By Jeffrey Hutchins – Industrial Hygiene Technical Advisor
Hank Hill, patriarch of TV’s “King of the Hill”, famously said “If you’re having grill problems, I feel bad for you son. I’ve got 99 problems but propane ain’t one.” Data from the National Fire Protection Association (NFPA) indicates that the rest of us might not be so fortunate.
According to a 2016 NFPA report on grill fires[i] , fire departments responded to approximately 8900 home fires each year involving grills, hibachis or barbeques.
These fires caused annual averages of 10 civilian deaths, 160 civilian injuries and $118 million in direct property damage. And much to Hank Hill’s dismay, LP-gas* was a major contributing cause.
Source: “Home Grill Fires” (2016) NFPA. Accessed 10 June 2016.[i]
The most common holidays for grilling are the Fourth of July (76%), followed by Labor Day and Memorial Day (each 62%), so it follows that more grill fires occur in July than any other month.
To avoid becoming one of these statistics, the NFPA and US Fire Administration[ii] recommend the following safety precautions:
- Regardless of fuel source, BBQ grills should always be used outdoors.
- Locate the grill well away (10 feet or more) from combustible material such as the house, deck railings, eaves and overhanging branches.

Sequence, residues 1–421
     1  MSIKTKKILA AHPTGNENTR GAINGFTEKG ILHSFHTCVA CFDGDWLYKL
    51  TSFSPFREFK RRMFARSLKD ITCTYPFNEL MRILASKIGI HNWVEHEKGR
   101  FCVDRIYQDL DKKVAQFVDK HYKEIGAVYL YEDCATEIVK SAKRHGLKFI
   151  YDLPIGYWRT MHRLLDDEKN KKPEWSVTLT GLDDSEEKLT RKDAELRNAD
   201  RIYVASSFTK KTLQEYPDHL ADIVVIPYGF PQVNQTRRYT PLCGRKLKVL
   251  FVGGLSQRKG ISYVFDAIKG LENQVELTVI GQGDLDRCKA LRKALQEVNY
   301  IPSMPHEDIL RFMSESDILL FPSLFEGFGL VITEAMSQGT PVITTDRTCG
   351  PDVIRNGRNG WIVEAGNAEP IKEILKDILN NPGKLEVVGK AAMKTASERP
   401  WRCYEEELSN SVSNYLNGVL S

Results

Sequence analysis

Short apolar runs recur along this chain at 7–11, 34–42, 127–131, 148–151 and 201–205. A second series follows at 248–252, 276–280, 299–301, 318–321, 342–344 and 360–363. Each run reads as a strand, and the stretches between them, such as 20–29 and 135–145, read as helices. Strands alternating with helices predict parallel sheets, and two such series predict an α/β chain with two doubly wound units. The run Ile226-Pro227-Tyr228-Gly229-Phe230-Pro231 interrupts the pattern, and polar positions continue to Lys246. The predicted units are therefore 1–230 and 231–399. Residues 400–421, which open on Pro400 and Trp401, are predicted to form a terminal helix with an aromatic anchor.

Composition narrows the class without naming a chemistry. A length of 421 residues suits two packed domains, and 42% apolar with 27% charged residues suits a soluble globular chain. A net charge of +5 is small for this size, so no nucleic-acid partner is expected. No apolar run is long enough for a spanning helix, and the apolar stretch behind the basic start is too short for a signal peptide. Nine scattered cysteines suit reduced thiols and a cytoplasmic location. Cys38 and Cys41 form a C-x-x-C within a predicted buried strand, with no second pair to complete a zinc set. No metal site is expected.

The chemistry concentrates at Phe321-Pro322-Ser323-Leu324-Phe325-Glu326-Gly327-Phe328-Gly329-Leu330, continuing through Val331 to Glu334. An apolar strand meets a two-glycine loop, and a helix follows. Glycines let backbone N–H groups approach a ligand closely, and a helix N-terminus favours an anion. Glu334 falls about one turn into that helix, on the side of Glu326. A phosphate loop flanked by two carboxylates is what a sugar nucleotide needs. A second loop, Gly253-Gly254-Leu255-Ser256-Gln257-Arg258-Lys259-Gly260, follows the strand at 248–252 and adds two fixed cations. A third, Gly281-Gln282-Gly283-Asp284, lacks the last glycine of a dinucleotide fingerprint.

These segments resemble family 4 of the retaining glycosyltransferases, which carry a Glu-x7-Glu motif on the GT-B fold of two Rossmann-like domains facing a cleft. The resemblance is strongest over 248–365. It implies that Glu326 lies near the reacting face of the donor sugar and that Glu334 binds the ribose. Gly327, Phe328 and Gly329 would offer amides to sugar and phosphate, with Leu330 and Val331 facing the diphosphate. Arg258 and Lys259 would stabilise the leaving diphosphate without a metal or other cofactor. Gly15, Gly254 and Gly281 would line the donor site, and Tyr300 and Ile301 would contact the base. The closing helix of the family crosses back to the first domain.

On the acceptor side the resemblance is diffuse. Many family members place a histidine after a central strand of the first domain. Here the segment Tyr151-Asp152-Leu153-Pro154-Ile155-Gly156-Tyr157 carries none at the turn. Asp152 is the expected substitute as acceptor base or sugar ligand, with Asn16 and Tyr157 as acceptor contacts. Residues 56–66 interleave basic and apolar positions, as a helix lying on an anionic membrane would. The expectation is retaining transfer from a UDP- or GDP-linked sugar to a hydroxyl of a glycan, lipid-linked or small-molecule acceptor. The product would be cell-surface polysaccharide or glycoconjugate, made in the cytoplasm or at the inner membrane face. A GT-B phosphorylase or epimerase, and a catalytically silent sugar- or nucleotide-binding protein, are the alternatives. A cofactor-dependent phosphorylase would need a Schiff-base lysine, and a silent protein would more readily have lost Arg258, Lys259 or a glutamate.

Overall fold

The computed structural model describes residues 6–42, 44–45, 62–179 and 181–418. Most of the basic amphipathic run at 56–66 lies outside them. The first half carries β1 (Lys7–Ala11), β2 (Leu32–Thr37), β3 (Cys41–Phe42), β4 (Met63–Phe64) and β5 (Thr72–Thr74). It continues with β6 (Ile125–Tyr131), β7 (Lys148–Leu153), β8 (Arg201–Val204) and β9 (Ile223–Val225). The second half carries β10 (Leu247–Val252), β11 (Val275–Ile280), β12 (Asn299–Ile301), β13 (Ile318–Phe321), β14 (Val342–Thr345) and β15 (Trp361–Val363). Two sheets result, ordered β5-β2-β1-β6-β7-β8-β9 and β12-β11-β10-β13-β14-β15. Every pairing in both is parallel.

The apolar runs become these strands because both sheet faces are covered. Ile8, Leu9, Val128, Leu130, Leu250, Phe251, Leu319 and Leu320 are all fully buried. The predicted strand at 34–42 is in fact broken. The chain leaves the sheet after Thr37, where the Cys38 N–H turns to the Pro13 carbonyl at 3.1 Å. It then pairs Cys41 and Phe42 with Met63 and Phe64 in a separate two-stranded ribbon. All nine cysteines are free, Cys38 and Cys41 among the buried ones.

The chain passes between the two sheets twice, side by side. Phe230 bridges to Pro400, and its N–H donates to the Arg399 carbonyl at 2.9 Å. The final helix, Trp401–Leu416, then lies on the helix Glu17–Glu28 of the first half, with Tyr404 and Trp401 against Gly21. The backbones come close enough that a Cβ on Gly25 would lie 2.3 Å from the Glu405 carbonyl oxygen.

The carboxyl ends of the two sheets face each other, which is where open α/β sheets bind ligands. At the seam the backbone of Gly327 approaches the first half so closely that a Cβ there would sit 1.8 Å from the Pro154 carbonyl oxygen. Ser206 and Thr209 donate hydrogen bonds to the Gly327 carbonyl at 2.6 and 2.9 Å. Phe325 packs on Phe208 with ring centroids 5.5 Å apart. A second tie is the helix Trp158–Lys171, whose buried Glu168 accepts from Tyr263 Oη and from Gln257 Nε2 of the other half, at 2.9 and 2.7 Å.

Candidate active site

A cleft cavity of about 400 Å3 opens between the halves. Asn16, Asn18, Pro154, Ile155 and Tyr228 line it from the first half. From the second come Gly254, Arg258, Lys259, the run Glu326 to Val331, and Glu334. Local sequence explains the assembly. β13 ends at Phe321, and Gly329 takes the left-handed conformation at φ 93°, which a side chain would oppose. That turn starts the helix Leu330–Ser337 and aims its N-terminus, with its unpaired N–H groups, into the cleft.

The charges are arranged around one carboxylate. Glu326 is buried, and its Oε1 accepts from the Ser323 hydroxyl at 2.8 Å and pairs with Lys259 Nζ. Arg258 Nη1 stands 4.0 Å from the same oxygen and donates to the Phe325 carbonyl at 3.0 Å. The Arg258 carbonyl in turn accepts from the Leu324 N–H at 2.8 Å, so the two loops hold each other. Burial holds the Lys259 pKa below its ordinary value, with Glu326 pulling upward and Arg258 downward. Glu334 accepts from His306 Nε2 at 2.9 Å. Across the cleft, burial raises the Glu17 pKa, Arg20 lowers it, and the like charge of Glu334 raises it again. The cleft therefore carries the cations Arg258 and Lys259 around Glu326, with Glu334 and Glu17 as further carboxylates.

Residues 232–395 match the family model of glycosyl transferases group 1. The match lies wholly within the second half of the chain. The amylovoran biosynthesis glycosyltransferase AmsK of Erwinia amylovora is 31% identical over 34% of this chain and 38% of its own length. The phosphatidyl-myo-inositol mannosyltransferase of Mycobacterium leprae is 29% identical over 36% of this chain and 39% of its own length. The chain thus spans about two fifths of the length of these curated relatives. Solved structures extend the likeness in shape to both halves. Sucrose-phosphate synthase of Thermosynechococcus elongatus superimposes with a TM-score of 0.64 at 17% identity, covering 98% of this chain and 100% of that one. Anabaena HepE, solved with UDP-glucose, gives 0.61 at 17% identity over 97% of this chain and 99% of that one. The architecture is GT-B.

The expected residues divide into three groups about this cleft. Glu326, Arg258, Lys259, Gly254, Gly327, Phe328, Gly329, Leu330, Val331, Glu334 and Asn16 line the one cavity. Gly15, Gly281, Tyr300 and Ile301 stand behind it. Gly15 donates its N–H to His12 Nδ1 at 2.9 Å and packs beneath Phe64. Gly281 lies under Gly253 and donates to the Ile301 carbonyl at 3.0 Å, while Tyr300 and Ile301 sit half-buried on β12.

- Keep children* and pets away.
*Grill contact accounted for 37% of burns seen at emergency rooms in 2014 involving children under five.[iii]
- Keep your grill free from oil & grease buildup, which is a common cause of fires.
- Before lighting your gas grill, use a light soap & water solution to check all gas connections for leaks (appearance of bubbles). Tighten any leaking connections. If the leak will not stop, evacuate the area and call the fire department immediately.
- Whether using a chimney-style starter or charcoal starter fluid, never leave burning charcoal unattended.
- Never add starter fluid or any other flammable liquid to the fire.
- When you are finished grilling, let the coals completely cool before disposing in a metal container.
By following these steps, you can channel your inner Hank Hill in proclaiming “I got 99 problems, but grill fires ain’t one of them.”
* LP-gas = Liquefied Petroleum (Gas) can be either Propane or Butane or a mixture of both.